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* Lettre de Laval envoye Rome. 21 Oct., 1661 (extract in lIncarnation speaks of these officers on the Richelieu as
LA SALLE BEGINS ANEW.
Treachery of Denonville ? Iroquois Generosity ? The Invading Army ? The Western Allies ? Plunder of English Traders ? Arrival of the Allies ? Scene at the French Camp ? March of Denonville ? Ambuscade ? Battle ? Victory ? The Seneca Babylon ? Imperfect Success."It will be the missionaries who will manage all the negotiation, and direct the movements of the savages, who are in excellent hands, as the Reverend Father Germain and Monsieur l'Abb Le Loutre are very capable of making the most of them, and using them to the greatest advantage for our interests. They will manage their intrigue in such a way as not to appear in it."
CHAPTER XVI. with the addition of the chiefs name. Colden follows him.
This resolution was due to a discovery he had made the evening before, which offered, as he thought, a possible clew to the fate of Tonty and the men with him. He thus describes it: "Near the garden of the Indians, which was on the meadows, a league from the village and not far from the river, I found six pointed stakes set in the ground and painted red. On each of them was the figure of a man with bandaged eyes, drawn in black. As the savages often set stakes of this sort where they have killed people, I thought, by their number and position, that when the Iroquois came, the Illinois, finding our men alone in the hut near their garden, had either killed them or made them prisoners. And I was confirmed in this, because, seeing no signs of a battle, I supposed that on hearing of the approach of the Iroquois, the old men and other non-combatants had fled, and that the young warriors had remained behind to cover their flight, and afterwards followed, taking the French with them; while the Iroquois, finding nobody to kill, had vented their fury on the corpses in the graveyard."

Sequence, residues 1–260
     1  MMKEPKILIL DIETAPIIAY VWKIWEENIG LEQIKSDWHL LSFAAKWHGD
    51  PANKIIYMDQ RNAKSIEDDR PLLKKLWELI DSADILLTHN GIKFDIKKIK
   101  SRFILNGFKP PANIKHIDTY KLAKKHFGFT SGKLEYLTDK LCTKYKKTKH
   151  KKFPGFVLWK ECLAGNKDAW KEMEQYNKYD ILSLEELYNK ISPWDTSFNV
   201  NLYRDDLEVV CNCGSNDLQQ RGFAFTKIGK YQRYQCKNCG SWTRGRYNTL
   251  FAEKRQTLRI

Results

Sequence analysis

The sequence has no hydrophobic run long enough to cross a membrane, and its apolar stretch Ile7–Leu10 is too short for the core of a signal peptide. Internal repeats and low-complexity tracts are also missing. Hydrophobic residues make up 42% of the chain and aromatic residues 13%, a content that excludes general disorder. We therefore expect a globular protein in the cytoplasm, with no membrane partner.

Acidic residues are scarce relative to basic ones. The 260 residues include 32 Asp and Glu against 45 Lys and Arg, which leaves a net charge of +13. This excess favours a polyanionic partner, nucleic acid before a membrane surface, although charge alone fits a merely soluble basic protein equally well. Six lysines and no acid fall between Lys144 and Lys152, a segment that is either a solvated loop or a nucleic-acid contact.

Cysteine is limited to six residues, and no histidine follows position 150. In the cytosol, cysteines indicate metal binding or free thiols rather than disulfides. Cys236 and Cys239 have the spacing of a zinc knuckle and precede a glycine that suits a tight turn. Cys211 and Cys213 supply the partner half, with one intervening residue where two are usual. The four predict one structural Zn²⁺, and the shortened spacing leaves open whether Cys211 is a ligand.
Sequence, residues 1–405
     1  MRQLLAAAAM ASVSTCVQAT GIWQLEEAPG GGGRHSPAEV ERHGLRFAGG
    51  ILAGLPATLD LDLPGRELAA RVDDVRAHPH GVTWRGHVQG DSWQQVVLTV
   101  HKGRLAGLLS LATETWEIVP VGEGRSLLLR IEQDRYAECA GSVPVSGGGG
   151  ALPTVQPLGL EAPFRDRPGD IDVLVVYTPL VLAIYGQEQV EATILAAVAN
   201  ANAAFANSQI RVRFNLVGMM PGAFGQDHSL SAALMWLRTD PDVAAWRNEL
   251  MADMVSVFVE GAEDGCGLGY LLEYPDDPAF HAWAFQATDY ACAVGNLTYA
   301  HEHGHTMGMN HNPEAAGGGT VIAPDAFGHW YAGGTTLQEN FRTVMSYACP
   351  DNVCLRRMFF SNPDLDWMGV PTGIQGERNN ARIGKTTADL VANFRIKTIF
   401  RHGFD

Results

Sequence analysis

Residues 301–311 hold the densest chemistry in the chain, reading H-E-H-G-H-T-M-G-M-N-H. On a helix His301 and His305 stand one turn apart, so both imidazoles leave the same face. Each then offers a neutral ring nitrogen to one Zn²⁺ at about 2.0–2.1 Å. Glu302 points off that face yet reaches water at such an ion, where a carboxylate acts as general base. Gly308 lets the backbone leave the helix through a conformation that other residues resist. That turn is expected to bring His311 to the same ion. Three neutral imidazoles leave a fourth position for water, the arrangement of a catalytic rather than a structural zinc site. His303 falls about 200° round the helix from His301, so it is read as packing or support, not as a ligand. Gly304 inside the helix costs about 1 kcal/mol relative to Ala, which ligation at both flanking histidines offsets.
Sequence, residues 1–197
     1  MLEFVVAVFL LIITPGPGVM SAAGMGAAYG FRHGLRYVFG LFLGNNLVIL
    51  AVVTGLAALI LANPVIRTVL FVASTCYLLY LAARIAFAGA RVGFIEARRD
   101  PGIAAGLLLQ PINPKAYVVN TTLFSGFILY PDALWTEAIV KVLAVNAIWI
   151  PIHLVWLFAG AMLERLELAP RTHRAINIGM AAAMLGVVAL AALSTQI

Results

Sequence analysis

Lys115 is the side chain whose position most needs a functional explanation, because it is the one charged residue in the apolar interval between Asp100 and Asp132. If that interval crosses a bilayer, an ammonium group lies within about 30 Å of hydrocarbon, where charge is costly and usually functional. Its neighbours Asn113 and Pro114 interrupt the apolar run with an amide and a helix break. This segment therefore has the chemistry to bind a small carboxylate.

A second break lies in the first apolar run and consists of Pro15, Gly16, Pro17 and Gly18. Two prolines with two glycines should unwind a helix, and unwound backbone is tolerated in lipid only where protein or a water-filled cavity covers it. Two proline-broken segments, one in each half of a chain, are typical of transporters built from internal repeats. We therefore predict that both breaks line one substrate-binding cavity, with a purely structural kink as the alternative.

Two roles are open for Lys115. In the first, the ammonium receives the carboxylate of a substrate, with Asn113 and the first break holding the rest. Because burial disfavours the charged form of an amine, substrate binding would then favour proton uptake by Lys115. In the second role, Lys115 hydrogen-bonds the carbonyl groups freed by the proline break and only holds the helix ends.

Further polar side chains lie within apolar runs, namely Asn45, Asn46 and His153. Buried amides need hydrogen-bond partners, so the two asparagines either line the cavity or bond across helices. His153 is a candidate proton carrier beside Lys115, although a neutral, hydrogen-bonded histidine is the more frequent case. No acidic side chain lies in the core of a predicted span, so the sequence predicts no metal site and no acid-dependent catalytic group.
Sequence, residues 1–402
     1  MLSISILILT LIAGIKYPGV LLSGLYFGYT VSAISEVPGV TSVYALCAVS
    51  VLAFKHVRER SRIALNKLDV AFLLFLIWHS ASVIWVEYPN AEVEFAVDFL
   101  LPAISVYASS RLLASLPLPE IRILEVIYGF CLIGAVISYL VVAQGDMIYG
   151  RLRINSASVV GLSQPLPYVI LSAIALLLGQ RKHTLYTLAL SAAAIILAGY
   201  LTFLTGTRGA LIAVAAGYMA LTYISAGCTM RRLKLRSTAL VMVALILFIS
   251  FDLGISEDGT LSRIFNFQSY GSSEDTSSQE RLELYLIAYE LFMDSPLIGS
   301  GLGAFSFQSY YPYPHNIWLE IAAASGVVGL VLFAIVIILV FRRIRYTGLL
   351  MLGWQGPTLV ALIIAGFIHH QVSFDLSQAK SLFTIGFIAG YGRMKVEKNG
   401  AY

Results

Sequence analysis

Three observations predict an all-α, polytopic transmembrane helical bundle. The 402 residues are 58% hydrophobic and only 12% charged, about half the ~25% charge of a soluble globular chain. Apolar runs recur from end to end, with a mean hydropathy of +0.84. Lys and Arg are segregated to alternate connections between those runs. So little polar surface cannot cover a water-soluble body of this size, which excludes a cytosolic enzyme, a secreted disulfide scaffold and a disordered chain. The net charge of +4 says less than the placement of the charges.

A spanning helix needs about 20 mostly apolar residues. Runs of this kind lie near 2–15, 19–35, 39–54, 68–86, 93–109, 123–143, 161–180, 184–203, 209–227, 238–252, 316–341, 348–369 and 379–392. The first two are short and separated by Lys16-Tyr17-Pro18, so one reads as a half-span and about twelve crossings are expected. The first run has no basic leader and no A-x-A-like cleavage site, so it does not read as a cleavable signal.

Mmoire sur l'Isle du Cap Breton, 1709.him as a light by which to guide his own steps in ways of holiness. He made journeys on foot about the country, disguised, penniless, begging from door to door, and courting scorn and opprobrium, in order, says his biographer, that he might suffer for the love of God. Yet, though living at this time in a state of habitual religious exaltation, he was by nature no mere dreamer; and in whatever heights his spirit might wander, his feet were always planted on the solid earth. His flaming zeal had for its servants a hard, practical nature, perfectly fitted for the battle of life, a narrow intellect, a stiff and persistent will, and, as his enemies thought, the love of domination native to his blood.